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Census Lookups General Lookups => Census and Resource Discussion => Topic started by: Catling121 on Wednesday 17 February 16 12:17 GMT (UK)

Title: 1939 Register - Annotations and What They Mean?
Post by: Catling121 on Wednesday 17 February 16 12:17 GMT (UK)
Hi All,

I thought I'd start a general discussion about some annotations that are littered across the 1939 register and what they might mean.

For example, I've found two people, Henry Shepherd and Elizabeth A Shepherd, in Erith.
They have dates of birth against them, but in pencil are written alternatives, next to the writing "C.G.D. 21.4.42" which I'm assuming is the date of the update.

But firstly, why would their dates of birth change, what evidence did they have for this, and what on earth does C.G.D. mean?

All answers welcome. And if anyone else has any mysterious lettering, let's have it.

Cheers,

Chris
Title: Re: 1939 Register - Annotations and What They Mean?
Post by: josey on Wednesday 17 February 16 13:34 GMT (UK)
Good idea Chris to start an abbreviations thread. Spooky - I posted this morning about some abbreviations!
http://www.rootschat.com/forum/index.php?topic=741823.msg5884658

I have dob change - just the day, to an incorrect one - with TYA over the year. I suppose CGD & TYA could be the initials of the 'editor'? But I don't think accountability & audit trails were that common in those days.

I did find UDD - Unpaid Domestic Duties.
Title: Re: 1939 Register - Annotations and What They Mean?
Post by: Mean_genie on Wednesday 17 February 16 13:41 GMT (UK)
The books were annotated by a lot of different people for about 60 years, for a variety of purposes. There is no master list of what the abbreviations and code letters mean, but you can sometimes hazard a guess. A three-letter code might be an area code, where a person moved to another district (exact addresses were not updated on the Central Register). Sometimes a code might be the serial number of the form used to notify a change of some kind - these often start with 'NR' then a number. 
Title: Re: 1939 Register - Annotations and What They Mean?
Post by: Lostris on Wednesday 17 February 16 15:01 GMT (UK)
maybe some help on the new 1939 Hints & Tips note on LostCousins ?

http://lostcousins.com/newsletters2/1939special.htm
Title: Re: 1939 Register - Annotations and What They Mean?
Post by: axial1680 on Sunday 30 July 17 12:29 BST (UK)
I have found in two instances where a woman later re married the new surname is written in green above her name. One of these was in the 1980s! The other was in 1965 and it has 1/2 M/C written then the date 28.11.66, followed by NR no idea what that means as I looked up the marriage and it was 1965. Its a great help though.
Title: Re: 1939 Register - Annotations and What They Mean?
Post by: Ellenmai on Sunday 30 July 17 14:28 BST (UK)
The Enumerator mixed up my Great Grandparents DOB's, but no one ever corrected this. I didn't find out until I bought their Birth Certificates.
Title: Re: 1939 Register - Annotations and What They Mean?
Post by: rosie99 on Sunday 30 July 17 17:31 BST (UK)
I have found in two instances where a woman later re married the new surname is written in green above her name. One of these was in the 1980s! The other was in 1965 and it has 1/2 M/C written then the date 28.11.66, followed by NR no idea what that means as I looked up the marriage and it was 1965. Its a great help though.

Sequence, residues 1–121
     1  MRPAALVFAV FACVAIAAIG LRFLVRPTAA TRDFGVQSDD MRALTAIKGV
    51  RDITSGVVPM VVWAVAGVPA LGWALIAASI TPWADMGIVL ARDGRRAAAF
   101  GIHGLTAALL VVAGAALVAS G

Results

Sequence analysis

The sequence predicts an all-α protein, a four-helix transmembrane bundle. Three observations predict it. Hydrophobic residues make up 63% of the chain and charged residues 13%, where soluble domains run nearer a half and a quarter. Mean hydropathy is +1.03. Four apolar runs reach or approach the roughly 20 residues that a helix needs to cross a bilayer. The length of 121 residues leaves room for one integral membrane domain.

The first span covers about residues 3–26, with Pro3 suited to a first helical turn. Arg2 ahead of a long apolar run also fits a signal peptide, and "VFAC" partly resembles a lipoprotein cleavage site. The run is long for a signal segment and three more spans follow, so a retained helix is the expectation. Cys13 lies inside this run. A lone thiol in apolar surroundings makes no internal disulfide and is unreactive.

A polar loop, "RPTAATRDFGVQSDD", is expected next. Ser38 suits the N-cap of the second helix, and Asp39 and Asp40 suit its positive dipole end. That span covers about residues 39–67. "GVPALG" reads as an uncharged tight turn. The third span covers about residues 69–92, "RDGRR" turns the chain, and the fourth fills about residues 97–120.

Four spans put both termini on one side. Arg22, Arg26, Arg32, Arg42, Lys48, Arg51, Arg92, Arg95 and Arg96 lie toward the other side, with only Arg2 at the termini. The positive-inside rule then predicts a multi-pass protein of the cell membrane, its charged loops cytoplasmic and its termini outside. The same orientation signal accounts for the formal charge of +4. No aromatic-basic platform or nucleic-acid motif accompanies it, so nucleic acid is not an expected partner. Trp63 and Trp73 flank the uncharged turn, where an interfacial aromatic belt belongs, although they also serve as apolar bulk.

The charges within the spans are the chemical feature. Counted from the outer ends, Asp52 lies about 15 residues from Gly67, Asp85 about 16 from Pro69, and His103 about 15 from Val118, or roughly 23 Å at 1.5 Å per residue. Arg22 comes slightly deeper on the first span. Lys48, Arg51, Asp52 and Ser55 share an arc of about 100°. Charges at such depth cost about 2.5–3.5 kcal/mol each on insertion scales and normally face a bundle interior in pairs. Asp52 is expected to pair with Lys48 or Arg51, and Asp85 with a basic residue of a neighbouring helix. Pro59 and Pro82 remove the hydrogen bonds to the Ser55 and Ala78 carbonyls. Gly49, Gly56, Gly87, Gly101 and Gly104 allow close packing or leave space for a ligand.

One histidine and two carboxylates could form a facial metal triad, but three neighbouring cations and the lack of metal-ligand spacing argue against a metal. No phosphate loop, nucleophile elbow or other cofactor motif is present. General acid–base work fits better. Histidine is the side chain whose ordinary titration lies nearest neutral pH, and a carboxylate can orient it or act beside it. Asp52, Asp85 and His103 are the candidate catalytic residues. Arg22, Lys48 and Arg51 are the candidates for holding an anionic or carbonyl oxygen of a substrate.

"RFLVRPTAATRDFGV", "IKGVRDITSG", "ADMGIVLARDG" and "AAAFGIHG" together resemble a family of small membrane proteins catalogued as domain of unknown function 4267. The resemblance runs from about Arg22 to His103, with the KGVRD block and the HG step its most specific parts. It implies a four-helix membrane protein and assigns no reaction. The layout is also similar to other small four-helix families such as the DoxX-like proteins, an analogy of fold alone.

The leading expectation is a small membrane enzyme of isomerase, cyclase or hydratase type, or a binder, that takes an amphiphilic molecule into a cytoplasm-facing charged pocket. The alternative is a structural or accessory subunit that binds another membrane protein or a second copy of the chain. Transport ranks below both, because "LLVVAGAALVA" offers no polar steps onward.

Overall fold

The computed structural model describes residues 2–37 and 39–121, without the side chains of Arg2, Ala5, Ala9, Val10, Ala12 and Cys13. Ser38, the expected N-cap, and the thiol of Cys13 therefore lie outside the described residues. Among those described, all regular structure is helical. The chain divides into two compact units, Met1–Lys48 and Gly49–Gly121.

The date is when the adjustment was done.  The register was updated with new married names until the early 1990's
Title: Re: 1939 Register - Annotations and What They Mean?
Post by: poissonrouge on Wednesday 09 August 17 13:25 BST (UK)
I have found in two instances where a woman later re married the new surname is written in green above her name. One of these was in the 1980s! The other was in 1965 and it has 1/2 M/C written then the date 28.11.66, followed by NR no idea what that means as I looked up the marriage and it was 1965. Its a great help though.

The date is when the adjustment was done.  The register was updated with new married names until the early 1990's

I have a similar finding. The delay in the dates does relate to the date of update (some say the date on the form filled in by the applicant) but I wondered if the M/C related to the marriage certificate to distinguish the change from other alterations because of name change by Deed Poll or adoption that were also noted? The final initials in my entry were LA, could these be codes for different geographical areas or NHS registration areas?
Title: Re: 1939 Register - Annotations and What They Mean?
Post by: rosie99 on Wednesday 09 August 17 15:07 BST (UK)
Hi

Welcome to rootschat

Was it Lancashire  :-\  I see one I have in 1960 has LA
Title: Re: 1939 Register - Annotations and What They Mean?
Post by: poissonrouge on Friday 11 August 17 12:34 BST (UK)
Hi and thanks for the welcome Rosie. Have been a member for a while to occasionally view topics but this is the first time I've posted. Yes it was Lancashire, Manchester in fact, which also had me wondering about the MC.

Cheers

Roger
Title: Re: 1939 Register - Annotations and What They Mean?
Post by: rosie99 on Saturday 12 August 17 11:00 BST (UK)
Hi Roger
I hadn't looked to see when you registered  ;D

Mine was on Heysham, Lancashire so it probably is the county reference.  I am sure someone will advise us if we are wrong.  :)
Title: Re: 1939 Register - Annotations and What They Mean?
Post by: MarkyP on Monday 14 August 17 14:03 BST (UK)
Hoping someone might be able to help with an annotation in red after an entry name plus some odd looking characters over a date of birth. Any clues would be gratefully accepted.  :)
Title: Re: 1939 Register - Annotations and What They Mean?
Post by: MarkyP on Monday 14 August 17 14:14 BST (UK)
Also, just noticed to the right of the name, can anyone shed some light on this?

Thanks.